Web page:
he Nigerian Electricity Regulatory Commission (NERC) has remained silent after it was confirmed that electricity distribution companies in the country have quietly hiked tariffs across their franchise areas.
TheNewsGuru.com (TNG) confirms the increase in electricity tariffs on Wednesday but calls put through to NERC’s Commissioner-in-charge of Consumers Affairs, Aisha Mahmud were not answered.
NERC spokesman, Usman Arabi also neither picked up his calls nor responded to inquiries on the increase.
The tariff hike was first observed on the Tariff Band A Non-MD, which increased from N57.55 per unit it was in December 2022 to N68.2 per unit in January 2023.
Though the NERC had not released an official statement on the matter, the Abuja Electricity Distribution Company (AEDC) confirmed the tariff increase in a tweet the electricity distribution company has deleted.
But on its website, the electricity regulatory authority explained that one of its primary functions as contained in Section 32 (d) of the Electric Power Sector Reform Act, 2005 was to ensure that the prices charged by licencees were fair to customers and sufficient to allow the licencees to finance their activities and obtain reasonable profit for efficient operations.
“In pursuant to the authority given under Section 76 of the EPSR Act 2005, the commission established a methodology for determining electricity tariff in the Nigerian Electricity Supply Industry and subsequently issued a tariff order called the Multi-Year Tariff Order that sets out tariffs for the generation, transmission and distribution of electricity in Nigeria.
“The purpose of the MYTO is to set cost-reflective tariffs which will allow the power sector to be properly funded and functional. It provides a 15-year tariff path for the NESI with limited minor reviews each year in the light of changes in a limited number of parameters (such as inflation, interest rates, exchange rates and generation capacity) and major reviews every five years, when all of the inputs are reviewed with the stakeholders,” NERC stated on its website.
TNG reports the tariff increase that was first observed on the Tariff Band A Non-MD, which was increased from N57.55 per unit in December to N68.2 per unit, amounts to about a 19 per cent increase in tariffs.
However, neither NERC nor the various electricity distribution companies, 10 in total, have made the current rates available for electricity consumers.
Meanwhile, the Enugu Electricity Distribution Company (EEDC) in December confirmed a recent minor electricity tariff adjustment of about 13 per cent, which the company said was in reflection of economic realities meant to keep the electricity industry alive.
EEDC had in December increased the tariff rate for Non-MD customers under R2SB class from N58.47 to N66.47 per kilowatt, which cuts across all categories of customers within the company’s network franchise area in the South-East.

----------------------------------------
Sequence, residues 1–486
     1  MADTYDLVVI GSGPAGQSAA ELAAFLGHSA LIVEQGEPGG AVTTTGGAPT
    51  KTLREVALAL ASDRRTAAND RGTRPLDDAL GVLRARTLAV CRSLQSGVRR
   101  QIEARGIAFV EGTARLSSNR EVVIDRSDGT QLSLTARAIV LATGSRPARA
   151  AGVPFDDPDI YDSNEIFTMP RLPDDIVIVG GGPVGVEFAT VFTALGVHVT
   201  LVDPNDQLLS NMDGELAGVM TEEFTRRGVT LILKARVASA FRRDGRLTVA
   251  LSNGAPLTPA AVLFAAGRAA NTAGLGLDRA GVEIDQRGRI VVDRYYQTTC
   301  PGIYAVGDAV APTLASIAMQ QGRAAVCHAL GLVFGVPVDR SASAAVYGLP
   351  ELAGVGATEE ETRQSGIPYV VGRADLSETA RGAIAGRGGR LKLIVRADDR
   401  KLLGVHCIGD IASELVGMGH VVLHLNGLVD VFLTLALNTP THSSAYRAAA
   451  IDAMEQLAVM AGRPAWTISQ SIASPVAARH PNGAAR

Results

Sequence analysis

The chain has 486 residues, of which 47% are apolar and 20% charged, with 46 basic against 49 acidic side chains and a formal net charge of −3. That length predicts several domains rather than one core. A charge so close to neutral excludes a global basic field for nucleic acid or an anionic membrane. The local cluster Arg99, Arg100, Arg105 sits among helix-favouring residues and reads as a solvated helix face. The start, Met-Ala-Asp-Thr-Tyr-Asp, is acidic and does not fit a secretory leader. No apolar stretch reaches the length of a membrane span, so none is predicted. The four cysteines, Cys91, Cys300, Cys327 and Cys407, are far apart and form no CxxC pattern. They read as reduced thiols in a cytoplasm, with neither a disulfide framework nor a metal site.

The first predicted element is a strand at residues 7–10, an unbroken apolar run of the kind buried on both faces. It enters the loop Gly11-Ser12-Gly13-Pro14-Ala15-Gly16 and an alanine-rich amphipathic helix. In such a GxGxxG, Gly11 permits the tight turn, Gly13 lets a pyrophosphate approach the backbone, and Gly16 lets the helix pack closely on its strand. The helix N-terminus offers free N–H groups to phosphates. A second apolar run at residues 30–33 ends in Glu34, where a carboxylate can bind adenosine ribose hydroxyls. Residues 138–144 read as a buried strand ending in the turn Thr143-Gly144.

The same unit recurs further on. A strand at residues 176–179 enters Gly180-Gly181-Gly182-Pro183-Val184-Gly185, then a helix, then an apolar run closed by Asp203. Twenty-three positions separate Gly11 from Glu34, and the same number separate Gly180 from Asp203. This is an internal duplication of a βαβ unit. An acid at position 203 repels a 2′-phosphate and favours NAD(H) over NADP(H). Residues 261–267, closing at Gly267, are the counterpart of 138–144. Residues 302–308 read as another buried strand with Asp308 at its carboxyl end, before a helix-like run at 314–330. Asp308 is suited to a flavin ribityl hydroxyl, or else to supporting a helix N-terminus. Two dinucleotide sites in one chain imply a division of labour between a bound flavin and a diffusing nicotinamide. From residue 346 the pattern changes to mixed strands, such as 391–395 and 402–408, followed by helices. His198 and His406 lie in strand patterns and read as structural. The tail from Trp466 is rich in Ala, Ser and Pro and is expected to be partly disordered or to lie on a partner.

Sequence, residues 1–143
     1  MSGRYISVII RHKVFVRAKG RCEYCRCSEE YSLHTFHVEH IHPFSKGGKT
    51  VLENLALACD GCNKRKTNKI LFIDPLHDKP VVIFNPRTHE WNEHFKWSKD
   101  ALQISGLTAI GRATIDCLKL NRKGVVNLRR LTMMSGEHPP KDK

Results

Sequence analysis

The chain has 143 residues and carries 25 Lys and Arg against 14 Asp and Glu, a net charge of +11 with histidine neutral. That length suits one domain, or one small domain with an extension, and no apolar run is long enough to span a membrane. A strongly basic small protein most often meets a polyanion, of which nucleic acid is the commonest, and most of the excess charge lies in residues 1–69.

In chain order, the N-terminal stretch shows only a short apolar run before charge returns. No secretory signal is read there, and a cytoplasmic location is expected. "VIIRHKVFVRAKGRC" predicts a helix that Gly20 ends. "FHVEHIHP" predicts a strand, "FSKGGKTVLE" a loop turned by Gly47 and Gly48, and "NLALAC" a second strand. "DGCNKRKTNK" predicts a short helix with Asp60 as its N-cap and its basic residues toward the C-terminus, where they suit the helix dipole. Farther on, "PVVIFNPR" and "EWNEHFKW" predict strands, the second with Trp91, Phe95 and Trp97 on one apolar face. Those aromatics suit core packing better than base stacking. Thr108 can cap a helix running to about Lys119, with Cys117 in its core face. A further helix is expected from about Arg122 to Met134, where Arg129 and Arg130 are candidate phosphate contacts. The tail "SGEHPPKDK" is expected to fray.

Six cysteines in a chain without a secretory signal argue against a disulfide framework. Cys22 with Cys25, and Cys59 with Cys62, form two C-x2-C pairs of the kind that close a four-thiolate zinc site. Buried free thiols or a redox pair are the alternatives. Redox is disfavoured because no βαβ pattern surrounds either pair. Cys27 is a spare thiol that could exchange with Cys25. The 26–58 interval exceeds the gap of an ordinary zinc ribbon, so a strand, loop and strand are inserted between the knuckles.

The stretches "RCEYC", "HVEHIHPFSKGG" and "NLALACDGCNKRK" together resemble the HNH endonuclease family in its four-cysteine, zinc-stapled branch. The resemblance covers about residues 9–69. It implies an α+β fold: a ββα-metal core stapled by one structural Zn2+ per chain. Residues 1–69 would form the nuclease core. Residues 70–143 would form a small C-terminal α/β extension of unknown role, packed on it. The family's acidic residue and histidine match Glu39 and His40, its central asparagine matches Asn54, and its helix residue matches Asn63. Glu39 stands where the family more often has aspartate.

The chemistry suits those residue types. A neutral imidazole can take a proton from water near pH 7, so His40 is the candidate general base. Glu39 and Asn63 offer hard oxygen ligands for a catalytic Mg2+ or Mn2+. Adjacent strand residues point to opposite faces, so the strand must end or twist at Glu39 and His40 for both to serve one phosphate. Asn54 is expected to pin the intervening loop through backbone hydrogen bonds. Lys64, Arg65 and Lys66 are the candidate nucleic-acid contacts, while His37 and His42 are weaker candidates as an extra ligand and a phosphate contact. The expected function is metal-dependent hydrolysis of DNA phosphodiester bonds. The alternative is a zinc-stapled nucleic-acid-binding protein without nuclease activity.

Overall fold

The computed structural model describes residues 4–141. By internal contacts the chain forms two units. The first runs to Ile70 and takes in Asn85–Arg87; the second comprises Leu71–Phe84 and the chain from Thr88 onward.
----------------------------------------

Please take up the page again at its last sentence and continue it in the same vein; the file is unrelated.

The Head, Corporate Communications of EEDC, Mr Emeka Ezeh had disclosed that the minor adjustment, which took effect from Dec. 1, 2022, was approved by the Nigerian Electricity Regulatory Commission (NERC) some months ago across all electricity distribution companies in the country.
According to him, there is a minor adjustment by some percentage across board in the whole electricity distribution companies nationwide currently and it is not peculiar to EEDC alone.
He said: “The minor increase in the rate of tariff approved by NERC is for Electricity Distribution Companies (DisCOs) to meet up with the current economic realities in the power/electricity sector.
“Currently, the sector is seriously affected by the high inflationary rate in the country; as it affects our daily operational maintenance and services to our esteemed customers in our network.
“The issue of high foreign exchange rate is affecting our business too in terms of importing most of our spare parts needed for daily maintenance and repairs in the network.
“The high foreign exchange rate also impact on EEDC ever increasing investment on installations to further expand and fortify the network, leading to the improved services customers are experiencing within the South-East.”
The EEDC spokesman appealed for the understanding of its esteemed customers, adding that if the indices mentioned and other factors “turn positive tomorrow; we belief that NERC will review the tariff downwards”.
“The recent development is for us to remain in business, service our customers better and maintain obligations to other stakeholders within the sector/industry,” he added.
However, customers within EEDC network in Enugu have continued to complain that the increase is already tightening the existing economic hardship.
They were of the view that before now, the high inflationary rate of about 22 per cent, according to the National Bureau of Statistics (NBS), was even affecting how their families feed daily.
Mr Obinna Nwafor, a resident of Achara layout in Enugu, noted that it was terrible that the residents cannot get any economic respite; “as there are so many struggles to survive in the country”.
Nwafor said: “I wish this increase has not come now; so that at least we can have a sector that is relatively stable and not being affected by the nationwide inflationary trend”.
Mr Jude Onyia, a resident of Uwani axis of Enugu metropolis, urged EEDC to consider those in the lower categories of their tariff line and exclude them from the increase.
“It is clear that those of us in the low category of the tariff cannot easily meet up and other alternatives to electricity are quite costly too,” Onyia said.